Chapter 15 is the last chapter and focuses on advanced macros and DSLs. This will bring you full circle: we started out in search of a tool that minimizes accidental complexity. Clojure allows you to bend the programming language to your will through the macro system, and this chapter takes a deeper dive into this feature. You’ll design an internal DSL that will serve as an example of how you can use DSLs to drive core business logic in your Clojure applications.

Code conventions and downloads

All code in the book is presented in a fixed-width font like this to separate it from ordinary text. Code annotations accompany many of the listings, highlighting important concepts. In some cases, numbered bullets link to explanations that follow the listing.

Please see chapter 2 for instructions on how to download and install Clojure. You will find the full code for all the examples in the book available for download from the publisher’s website at http://www.manning.com/ClojureinAction.

Author Online

The purchase of Clojure in Action includes free access to a private forum run by Manning Publications where you can make comments about the book, ask technical questions, and receive help from the author and other users. You can access and subscribe to the forum at http://www.manning.com/ClojureinAction. This page provides information on how to get on the forum once you’re registered, what kind of help is available, and the rules of conduct in the forum.

Manning’s commitment to our readers is to provide a venue where a meaningful dialogue between individual readers and between readers and the author can take place. It isn’t a commitment to any specific amount of participation on the part of the author, whose contributions to the book’s forum remain voluntary (and unpaid). We suggest you try asking the author some challenging questions, lest his interest stray!

The Author Online forum and the archives of previous discussions will be accessible from the publisher’s website as long as the book is in print.

About the cover illustration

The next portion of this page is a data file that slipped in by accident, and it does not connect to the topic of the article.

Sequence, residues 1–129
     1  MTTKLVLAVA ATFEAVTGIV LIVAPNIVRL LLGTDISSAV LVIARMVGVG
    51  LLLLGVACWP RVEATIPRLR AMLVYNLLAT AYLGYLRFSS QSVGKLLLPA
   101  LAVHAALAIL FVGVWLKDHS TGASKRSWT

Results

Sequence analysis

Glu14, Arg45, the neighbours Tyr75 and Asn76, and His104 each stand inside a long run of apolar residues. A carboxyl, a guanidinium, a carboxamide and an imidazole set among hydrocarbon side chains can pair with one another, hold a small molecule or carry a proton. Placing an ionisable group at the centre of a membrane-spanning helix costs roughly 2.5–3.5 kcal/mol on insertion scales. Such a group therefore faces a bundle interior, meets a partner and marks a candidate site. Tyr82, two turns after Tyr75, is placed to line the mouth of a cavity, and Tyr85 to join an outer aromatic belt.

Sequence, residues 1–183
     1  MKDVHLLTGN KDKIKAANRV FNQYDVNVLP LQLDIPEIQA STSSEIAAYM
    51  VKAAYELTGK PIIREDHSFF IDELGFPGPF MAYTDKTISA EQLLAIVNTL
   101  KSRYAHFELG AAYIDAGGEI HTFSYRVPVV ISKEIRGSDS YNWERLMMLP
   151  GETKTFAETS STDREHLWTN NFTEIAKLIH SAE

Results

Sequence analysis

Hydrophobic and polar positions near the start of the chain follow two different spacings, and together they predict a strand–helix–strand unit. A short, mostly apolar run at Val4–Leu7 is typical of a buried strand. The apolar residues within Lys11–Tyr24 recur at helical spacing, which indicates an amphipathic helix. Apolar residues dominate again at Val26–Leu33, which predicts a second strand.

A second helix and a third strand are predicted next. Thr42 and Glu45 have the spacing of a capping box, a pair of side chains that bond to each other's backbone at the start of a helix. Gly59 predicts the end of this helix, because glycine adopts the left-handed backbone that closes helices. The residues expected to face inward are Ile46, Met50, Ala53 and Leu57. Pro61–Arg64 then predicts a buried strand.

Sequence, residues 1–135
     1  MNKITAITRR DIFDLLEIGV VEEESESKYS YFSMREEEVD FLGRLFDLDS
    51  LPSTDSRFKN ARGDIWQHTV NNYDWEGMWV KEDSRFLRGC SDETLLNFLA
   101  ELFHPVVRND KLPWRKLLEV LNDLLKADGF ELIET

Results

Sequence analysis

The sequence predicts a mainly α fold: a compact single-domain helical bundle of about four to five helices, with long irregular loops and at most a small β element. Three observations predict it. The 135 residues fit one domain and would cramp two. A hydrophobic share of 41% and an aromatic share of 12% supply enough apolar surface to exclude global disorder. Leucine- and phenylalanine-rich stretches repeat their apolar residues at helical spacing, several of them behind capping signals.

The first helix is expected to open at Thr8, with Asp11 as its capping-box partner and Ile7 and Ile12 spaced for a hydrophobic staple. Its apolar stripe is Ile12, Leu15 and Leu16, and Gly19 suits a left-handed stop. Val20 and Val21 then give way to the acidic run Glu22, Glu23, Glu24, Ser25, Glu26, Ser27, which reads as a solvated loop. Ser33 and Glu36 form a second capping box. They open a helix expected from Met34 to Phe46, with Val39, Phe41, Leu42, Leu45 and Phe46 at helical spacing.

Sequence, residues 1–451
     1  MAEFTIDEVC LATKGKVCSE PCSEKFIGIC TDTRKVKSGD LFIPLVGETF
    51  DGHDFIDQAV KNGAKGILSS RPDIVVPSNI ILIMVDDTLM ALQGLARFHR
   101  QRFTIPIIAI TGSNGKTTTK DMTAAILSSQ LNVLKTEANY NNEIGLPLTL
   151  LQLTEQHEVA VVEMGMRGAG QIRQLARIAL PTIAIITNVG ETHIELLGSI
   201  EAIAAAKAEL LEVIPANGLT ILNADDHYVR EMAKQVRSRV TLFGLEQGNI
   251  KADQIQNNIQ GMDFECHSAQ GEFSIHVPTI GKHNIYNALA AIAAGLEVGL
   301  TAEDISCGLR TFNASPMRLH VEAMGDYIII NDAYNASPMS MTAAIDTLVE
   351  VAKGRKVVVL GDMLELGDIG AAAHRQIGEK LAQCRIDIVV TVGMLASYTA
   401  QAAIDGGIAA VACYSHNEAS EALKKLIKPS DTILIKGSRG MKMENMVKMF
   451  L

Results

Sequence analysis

On the cover of Clojure in Action is “A woman from Sinj,” a town in Croatia about 30 kilometers north of Split. The illustration is taken from a reproduction of an album of Croatian traditional costumes from the mid-nineteenth century by Nikola Arsenovic, published by the Ethnographic Museum in Split, Croatia, in 2003. The illustrations were obtained from a helpful librarian at the Ethnographic Museum in Split, itself situated in the Roman core of the medieval center of the town: the ruins of Emperor Diocletian’s retirement palace from around AD 304. The book includes finely colored illustrations of figures from different regions of Croatia, accompanied by descriptions of the costumes and of everyday life.

Sinj is located in the Dalmatian region of Croatia and women’s costumes in Dalmatia consist of layers of clothing worn over more clothing: a white blouse, skirt, or tunic is most common, with a colorful, embroidered apron decorated with complicated geometric patterns and fringes worn on top, as well as a red vest and black coat with colorful stitching added to stand out from the white blouse underneath. Jewelry consists mainly of beads worn around the neck or silver coins added as adornments to the costume. Both men and women wear a red or white pillbox cap (called a bareta or crvenkapa), with a white veil attached to the women’s cap, like in the illustration on this cover.

Dress codes and lifestyles have changed over the last 200 years, and the diversity by region, so rich at the time, has faded away. It is now hard to tell apart the inhabitants of different continents, let alone of different hamlets or towns separated by only a few miles. Perhaps we have traded cultural diversity for a more varied personal life—certainly for a more varied and fast-paced technological life.

Manning celebrates the inventiveness and initiative of the computer business with book covers based on the rich diversity of regional life of two centuries ago, brought back to life by illustrations from old books and collections like this one.